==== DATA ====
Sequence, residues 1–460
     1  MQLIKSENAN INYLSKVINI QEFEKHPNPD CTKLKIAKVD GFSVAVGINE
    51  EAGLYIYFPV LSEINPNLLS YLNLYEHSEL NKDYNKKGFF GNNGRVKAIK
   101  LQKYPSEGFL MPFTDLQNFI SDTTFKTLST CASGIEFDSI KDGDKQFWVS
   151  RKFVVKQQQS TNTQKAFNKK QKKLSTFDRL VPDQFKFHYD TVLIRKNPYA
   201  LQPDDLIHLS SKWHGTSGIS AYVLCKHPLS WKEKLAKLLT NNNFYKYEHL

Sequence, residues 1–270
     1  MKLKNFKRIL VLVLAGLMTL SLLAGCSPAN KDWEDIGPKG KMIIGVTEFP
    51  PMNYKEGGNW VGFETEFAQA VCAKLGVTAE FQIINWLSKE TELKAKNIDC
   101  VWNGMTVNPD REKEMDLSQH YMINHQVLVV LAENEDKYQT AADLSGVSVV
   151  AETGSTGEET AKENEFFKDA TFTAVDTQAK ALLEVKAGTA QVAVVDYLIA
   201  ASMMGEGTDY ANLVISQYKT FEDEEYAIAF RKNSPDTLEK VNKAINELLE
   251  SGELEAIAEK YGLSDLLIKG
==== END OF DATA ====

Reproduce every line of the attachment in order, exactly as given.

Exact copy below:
Sequence, residues 1–460
     1  MQLIKSENAN INYLSKVINI QEFEKHPNPD CTKLKIAKVD GFSVAVGINE
    51  EAGLYIYFPV LSEINPNLLS YLNLYEHSEL NKDYNKKGFF GNNGRVKAIK
   101  LQKYPSEGFL MPFTDLQNFI SDTTFKTLST CASGIEFDSI KDGDKQFWVS
   151  RKFVVKQQQS TNTQKAFNKK QKKLSTFDRL VPDQFKFHYD TVLIRKNPYA
   201  LQPDDLIHLS SKWHGTSGIS AYVLCKHPLS WKEKLAKLLT NNNFYKYEHL

Sequence, residues 1–270
     1  MKLKNFKRIL VLVLAGLMTL SLLAGCSPAN KDWEDIGPKG KMIIGVTEFP
    51  PMNYKEGGNW VGFETEFAQA VCAKLGVTAE FQIINWLSKE TELKAKNIDC
   101  VWNGMTVNPD REKEMDLSQH YMINHQVLVV LAENEDKYQT AADLSGVSVV
   151  AETGSTGEET AKENEFFKDA TFTAVDTQAK ALLEVKAGTA QVAVVDYLIA
   201  ASMMGEGTDY ANLVISQYKT FEDEEYAIAF RKNSPDTLEK VNKAINELLE
   251  SGELEAIAEK YGLSDLLIKG